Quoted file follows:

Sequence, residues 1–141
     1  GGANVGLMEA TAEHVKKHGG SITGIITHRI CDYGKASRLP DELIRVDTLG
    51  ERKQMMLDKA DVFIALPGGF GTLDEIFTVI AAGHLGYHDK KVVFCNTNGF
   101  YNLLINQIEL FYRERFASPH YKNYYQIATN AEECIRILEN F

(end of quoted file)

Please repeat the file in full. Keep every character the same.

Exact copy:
Sequence, residues 1–141
     1  GGANVGLMEA TAEHVKKHGG SITGIITHRI CDYGKASRLP DELIRVDTLG
    51  ERKQMMLDKA DVFIALPGGF GTLDEIFTVI AAGHLGYHDK KVVFCNTNGF
   101  YNLLINQIEL FYRERFASPH YKNYYQIATN AEECIRILEN F